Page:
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Drunk-Dialing Success

A drunken rant propels a band of local comics to multimedia stardom.


Thanks to Mike Polk's diatribe, Mike Martone (center) and Mike Hagesfeld (right) will soon become published authors. - WALTER  NOVAK
  • Walter Novak
  • Thanks to Mike Polk's diatribe, Mike Martone (center) and Mike Hagesfeld (right) will soon become published authors.
It was a sight he'd seen plenty of times: A cluster of gel-haired twentysomethings, guzzling Jäger Bombs and grinding their designer jeans against any female they could find.

But on this March night last year, after a regrettable amount of drinking on West Sixth, Mike Polk decided he'd seen enough.

Polk, 28, is best known as the lanky comic who does the promotional spots on Channel 19. But his body of work goes beyond filling the space between segments of King of Queens. He produced a Saturday Night Live-inspired sketch revue at Kent State, which he later spun off into a stage show. And though he performs only sporadically, he's among Cleveland's funniest stand-up comedians.

On this night, Polk went home and penned a caustic first-person essay, written from the perspective of a Red Bull-fueled asshole. He titled it "Look at My Striped Shirt!"

"I will talk to people I don't know about my job tonight!" Polk wrote. "They will all know that I am an important man! I will call female bartenders 'Babe' and male bartenders 'Chief'! When I do not hook up with a girl at that club, I will say that the place is 'full of skanks!'"

Then he pressed send.

He e-mailed the essay to a humor website his friend had recently launched. Charlie DeMarco, a perpetually bored smartass, had dropped out of Kent State and moved to L.A., but he missed cracking jokes with his friends. So he started, hoping to create an outlet for his brand of humor: a testosterone-laced stew of The Onion, SNL, and

The site went live in February 2005 with a series of off-the-wall essays. "The NBA All-Ugly Team" offered a breakdown of the most hideous mugs in pro basketball. Another essay mocked the Lance Armstrong-inspired "fad" of hating cancer.

A month later, "Look at My Striped Shirt!" hit the web. It quickly struck online gold.

Someone forwarded it to a friend, and suddenly Drunk Mike's rant was popping up in in-boxes everywhere. Within a few months, the site was attracting 20,000 hits a month.

Visitors discovered the other essays as well. The All-Ugly Team was the talk of ESPN Radio and The Best Damn Sports Show Period.

The press fueled traffic and spread the striped-shirt virus even more. By summer, DeMarco was fielding calls from talent agents and being courted by the publishing industry.

Byrd Leavell, a New York book agent, recalls receiving "Striped Shirt!" by e-mail -- six different times. "He's a fucking genius," the agent says of Polk.

Leavell was looking for additions to his stable of young, crass, brutally honest male writers -- potential contributors to an emerging literary genre that's been dubbed "fratire." He perused the site, phoned DeMarco, and determined that he and his friends were worth a contract. "The guy's just a fucking professional," the agent says of DeMarco.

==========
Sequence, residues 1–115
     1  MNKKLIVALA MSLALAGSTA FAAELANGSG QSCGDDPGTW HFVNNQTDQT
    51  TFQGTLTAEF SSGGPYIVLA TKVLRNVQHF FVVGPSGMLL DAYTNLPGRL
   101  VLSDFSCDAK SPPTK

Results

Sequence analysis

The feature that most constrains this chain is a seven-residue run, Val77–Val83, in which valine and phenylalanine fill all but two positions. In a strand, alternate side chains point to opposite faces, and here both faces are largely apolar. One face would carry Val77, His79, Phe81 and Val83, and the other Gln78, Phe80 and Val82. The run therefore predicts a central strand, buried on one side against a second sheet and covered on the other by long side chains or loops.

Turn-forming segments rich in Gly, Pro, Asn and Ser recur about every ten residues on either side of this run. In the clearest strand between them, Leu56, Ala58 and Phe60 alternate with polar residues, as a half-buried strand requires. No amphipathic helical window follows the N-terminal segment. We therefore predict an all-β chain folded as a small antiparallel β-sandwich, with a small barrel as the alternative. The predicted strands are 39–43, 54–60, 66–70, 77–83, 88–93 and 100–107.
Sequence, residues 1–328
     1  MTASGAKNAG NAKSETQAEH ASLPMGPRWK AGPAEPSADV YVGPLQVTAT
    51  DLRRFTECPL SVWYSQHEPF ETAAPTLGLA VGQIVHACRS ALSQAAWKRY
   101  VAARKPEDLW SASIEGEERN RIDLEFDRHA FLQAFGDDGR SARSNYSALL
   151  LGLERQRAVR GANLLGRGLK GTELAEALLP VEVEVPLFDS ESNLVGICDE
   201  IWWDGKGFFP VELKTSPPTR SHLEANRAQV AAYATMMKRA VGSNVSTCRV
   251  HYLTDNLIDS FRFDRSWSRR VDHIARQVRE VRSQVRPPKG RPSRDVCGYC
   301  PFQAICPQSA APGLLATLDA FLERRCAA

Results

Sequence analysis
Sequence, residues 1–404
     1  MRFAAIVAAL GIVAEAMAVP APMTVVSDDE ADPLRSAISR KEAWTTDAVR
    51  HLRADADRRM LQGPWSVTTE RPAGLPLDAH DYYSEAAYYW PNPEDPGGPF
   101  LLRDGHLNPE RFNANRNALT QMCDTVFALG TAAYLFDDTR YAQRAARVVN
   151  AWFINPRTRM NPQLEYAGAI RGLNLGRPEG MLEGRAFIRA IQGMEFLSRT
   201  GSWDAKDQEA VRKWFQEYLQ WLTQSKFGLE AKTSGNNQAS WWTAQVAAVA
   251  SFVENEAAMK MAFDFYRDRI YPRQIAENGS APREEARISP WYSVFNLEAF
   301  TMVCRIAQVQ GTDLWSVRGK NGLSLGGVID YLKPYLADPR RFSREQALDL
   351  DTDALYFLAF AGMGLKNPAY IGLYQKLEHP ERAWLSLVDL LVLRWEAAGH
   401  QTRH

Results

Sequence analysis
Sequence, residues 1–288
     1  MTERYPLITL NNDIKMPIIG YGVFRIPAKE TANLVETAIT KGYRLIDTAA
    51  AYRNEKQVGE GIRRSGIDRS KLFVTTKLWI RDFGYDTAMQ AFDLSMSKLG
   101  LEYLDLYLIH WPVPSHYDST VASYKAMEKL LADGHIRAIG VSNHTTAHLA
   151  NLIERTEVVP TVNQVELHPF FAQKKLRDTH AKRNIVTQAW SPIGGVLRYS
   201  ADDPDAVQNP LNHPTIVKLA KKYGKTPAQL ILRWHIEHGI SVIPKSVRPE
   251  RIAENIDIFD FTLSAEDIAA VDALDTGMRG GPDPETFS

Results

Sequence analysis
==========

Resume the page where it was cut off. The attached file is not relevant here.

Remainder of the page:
Leavell offered to represent the guys of the Phat Phree, who in turn banged out a proposal for a collection of first-person essays similar to "Striped Shirt!", with titles including "This Gang Bang Is So Awkward," "I Will Get Off This Plane Before You," and "I Am So Naked in This Locker Room."

Random House snapped up the rights, cutting the Phat Phree a check for $35,000. The book, "Look at My Striped Shirt: Confessions of the People You Love to Hate," hits stores in December.

On a recent Thursday night, Polk sat in a striped-shirtless pub in Lakewood. Wearing loose jeans and a T-shirt, he marveled at the opportunity getting wasted has afforded him.

"I wrote that in, like, 15 minutes," he says. "I sent it in drunk . . . It was like drunk-dialing."

Sitting next to Polk were two other Phat Phree contributors: Mike Martone, a 34-year-old med student, and Mike Hagesfeld, a 31-year-old computer programmer. With the success of the Phat Phree, all three Mikes -- and plenty of their friends from the Cleveland comedy scene -- are getting bi-coastal attention.

The Phat Phree's website continues to expand, every day posting new essays, fake news stories, and, DeMarco says, anything that falls into the category of "shit we think is funny."

And doors continue to fly open. Last fall, they sold a sitcom to Fox Studios. The show -- about average Midwest guys trying to make it big, naturally -- wasn't picked up, but Katalyst, the studio owned by Punk'd creator Ashton Kutcher, agreed to produce it and is in talks about a slot on MTV.

The Phat Phree also has opened an online store,, that sells T-shirts inspired by the site. They've jumped on the viral-video bandwagon, producing a series of fake-movie trailers with titles like "The Ho-lympics." And they've even talked to cell-phone providers about creating video content for phones.

"You feel like a fraud sometimes, getting calls from these people who don't know that I haven't really accomplished anything in life," Polk says.

But he also recognizes that he and his friends suddenly have a much larger audience. He's just glad he didn't screw it up with sobriety.

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